Mrs. Narbonne posted an interesting counterpoint in the comments to my earlier post on “The Power of Timeouts“.
I thought it was worth sharing in its entirety!
I hate to be a contrarian, but to me Charlie’s behavior post-timeout was motivated by the desire of avoiding a timeout (external control), rather than a development of internal control (“I do not spit on the floor because I am concerned about the health of others”).
I do believe a timeout can be effective in changing behavior quickly in the short-term, but it is not effective in developing long-term internal behavioral controls. We aren’t giving them any new ideas or skills for how to get along with others when you put them in a time out.
I also think that parents often confuse discipline with punishment. Discipline means to teach, punishment means to hurt. I don’t think you need to hurt a child (the hurt doesn’t have to be physical, it can take the form of blame, shame, judgement, or guilt) in order to teach them.
Mr. Bee, you wrote about feeling like you were making Charlie cry – I would think about ways of teaching Charlie appropriate behavior where the process feels good/positive to you.
While his behavior is normal toddler behavior, it doesn’t excuse it so I would suggest thinking of ways to redirecting his behavior. A first step would be to ask, why is he misbehaving? Does he want more attention, or wants to express power/wants to feel useful? Is there an appropriate space for him to express his physical need? Then, find a way for him to exercise his needs in an appropriate way.
Perhaps in the case of spitting, check and see if there are tissues readily accessible to him, as well as wastebaskets. Or maybe he just needs to hear what you do want him to do instead of what you don’t want him to do. You could say, “we do not spit on the floor. we spit in a tissue and then throw it away,” and then when he spits on the floor, have him help you clean it up.
Or, if that isn’t the issue, maybe it’s a case of wanting attention (negative attention is better than no attention). If it’s attention he’s seeking, when he does the negative attention behavior, don’t make eye contact, don’t say anything, but do something physical to make your child feel loved (such as rubbing his back).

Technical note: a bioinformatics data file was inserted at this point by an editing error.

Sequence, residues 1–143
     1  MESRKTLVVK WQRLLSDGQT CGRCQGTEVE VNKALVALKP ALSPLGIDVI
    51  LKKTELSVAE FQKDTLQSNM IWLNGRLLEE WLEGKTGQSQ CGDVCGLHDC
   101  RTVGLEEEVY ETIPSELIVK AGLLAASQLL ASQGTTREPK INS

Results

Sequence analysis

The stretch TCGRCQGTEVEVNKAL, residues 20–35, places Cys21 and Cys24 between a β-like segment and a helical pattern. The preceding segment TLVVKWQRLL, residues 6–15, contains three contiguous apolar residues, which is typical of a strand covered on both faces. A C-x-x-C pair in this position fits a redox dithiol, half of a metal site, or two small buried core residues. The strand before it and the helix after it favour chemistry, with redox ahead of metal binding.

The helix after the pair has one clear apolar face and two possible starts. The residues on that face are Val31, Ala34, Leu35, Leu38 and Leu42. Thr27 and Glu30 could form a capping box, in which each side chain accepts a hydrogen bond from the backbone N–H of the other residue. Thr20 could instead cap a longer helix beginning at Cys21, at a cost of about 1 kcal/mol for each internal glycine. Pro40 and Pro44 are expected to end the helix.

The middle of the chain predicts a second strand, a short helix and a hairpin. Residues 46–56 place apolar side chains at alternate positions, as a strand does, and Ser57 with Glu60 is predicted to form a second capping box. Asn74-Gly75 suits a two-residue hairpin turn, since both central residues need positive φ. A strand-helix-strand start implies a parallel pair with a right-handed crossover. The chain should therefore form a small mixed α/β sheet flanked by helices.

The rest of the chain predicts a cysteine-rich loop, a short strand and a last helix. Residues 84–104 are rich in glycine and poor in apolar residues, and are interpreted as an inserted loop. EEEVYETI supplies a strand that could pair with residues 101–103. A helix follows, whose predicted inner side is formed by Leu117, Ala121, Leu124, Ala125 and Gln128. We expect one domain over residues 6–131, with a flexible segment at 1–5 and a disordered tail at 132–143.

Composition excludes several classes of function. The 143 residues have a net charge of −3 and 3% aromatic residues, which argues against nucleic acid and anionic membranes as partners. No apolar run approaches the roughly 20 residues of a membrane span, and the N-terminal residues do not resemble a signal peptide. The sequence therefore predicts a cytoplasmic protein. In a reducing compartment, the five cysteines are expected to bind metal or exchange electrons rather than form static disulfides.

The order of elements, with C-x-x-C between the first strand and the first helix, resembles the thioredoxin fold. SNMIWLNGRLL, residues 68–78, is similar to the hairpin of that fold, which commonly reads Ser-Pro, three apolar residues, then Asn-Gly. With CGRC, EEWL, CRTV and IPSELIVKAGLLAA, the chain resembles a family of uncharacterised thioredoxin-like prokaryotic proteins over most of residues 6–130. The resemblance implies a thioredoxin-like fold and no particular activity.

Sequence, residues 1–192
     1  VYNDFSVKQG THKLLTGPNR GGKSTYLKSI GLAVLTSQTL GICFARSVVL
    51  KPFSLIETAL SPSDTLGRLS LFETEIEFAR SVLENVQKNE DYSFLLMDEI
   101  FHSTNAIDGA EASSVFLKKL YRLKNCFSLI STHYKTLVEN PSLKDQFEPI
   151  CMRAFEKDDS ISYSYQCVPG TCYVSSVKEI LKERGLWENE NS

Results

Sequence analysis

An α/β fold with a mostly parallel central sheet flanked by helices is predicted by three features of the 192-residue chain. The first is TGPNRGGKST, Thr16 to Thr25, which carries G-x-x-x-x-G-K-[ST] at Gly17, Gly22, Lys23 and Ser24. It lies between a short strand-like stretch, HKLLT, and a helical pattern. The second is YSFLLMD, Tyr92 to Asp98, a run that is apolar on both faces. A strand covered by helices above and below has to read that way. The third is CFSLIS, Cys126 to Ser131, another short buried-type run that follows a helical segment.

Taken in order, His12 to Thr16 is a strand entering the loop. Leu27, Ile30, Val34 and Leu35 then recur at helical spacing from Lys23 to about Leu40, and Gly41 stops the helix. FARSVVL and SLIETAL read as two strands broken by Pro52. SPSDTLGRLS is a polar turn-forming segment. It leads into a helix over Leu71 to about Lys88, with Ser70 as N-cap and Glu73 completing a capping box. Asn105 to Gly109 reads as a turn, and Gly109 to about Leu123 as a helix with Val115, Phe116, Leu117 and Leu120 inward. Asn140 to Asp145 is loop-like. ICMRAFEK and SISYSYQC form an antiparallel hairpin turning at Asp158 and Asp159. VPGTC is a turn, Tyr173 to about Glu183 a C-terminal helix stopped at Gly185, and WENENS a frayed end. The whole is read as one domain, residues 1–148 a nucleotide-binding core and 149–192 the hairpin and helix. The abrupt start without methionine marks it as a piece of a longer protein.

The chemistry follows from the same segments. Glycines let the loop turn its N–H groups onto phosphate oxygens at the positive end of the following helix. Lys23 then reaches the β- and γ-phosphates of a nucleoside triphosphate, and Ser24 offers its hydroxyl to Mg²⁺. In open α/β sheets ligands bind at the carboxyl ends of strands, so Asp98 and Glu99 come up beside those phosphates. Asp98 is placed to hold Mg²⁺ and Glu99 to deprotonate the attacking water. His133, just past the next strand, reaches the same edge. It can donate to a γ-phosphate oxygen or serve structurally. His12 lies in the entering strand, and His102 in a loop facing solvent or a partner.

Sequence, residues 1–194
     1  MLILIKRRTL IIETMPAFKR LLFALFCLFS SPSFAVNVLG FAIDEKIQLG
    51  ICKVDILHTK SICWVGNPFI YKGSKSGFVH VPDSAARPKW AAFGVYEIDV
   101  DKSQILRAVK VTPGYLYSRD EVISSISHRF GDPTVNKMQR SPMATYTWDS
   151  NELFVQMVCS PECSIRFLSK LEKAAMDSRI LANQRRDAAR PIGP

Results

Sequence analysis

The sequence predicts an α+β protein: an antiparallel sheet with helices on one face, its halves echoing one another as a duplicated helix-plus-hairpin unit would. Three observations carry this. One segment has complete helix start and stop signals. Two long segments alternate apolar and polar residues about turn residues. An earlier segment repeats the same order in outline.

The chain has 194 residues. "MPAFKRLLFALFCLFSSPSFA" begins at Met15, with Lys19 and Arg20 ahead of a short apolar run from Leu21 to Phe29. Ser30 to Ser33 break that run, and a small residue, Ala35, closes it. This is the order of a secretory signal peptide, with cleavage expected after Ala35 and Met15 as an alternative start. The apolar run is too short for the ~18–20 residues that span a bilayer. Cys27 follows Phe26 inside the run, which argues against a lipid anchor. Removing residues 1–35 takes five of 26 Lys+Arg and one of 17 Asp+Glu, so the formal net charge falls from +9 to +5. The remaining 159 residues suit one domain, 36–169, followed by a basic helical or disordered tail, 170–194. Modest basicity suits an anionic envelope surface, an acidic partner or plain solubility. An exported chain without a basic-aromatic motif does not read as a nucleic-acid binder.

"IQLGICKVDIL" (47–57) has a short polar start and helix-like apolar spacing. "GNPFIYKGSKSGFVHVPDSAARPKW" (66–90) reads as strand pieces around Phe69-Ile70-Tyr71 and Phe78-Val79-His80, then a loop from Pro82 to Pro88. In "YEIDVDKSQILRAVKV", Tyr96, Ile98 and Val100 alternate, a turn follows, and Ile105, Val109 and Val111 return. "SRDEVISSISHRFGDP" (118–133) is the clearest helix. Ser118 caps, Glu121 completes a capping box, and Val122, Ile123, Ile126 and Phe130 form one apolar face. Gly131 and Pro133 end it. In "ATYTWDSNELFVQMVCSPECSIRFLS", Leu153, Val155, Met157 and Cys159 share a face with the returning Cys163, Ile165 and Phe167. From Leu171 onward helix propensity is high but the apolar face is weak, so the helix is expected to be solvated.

In the case of when he hits you, you could say, “Charlie, you seem really frustrated that XXX. But hitting hurts Daddy. When you’re ready to play nicely, Daddy will play with you again.” Then leave the area so that he cannot hit you. Or if he’s acting out at the playground, simply say, “if you continue acting like that, we will have to leave the playground.” If he continues his misbehavior, you would then follow through with your limit, leaving the playground while saying gently, “It seems like today you can’t play nicely in the playground so we’re going home. You can try again tomorrow.” (And be prepared for tears and a fit, but the tears come from disappointment, not because they feel that they’re “bad”.)
Here are some writings from some of my favorite parenting teachers:
Here’s another great article that I just found that sums it all up:
“Some people ask, “After the hug, then what? What about the misbehavior?” Hugs can create an atmosphere where children are willing and able to learn. This may be the time to take time for training, ask what, why and how questions, give a limited choice, use distraction, engage in joint problem-solving — or to do nothing and see what happens next. Most of the time adults can help children stop misbehaving when they stop dealing with the “misbehavior” and deal with the underlying cause. Children DO better when they FEEL better. Encouragement is the key.” -Jane Nelson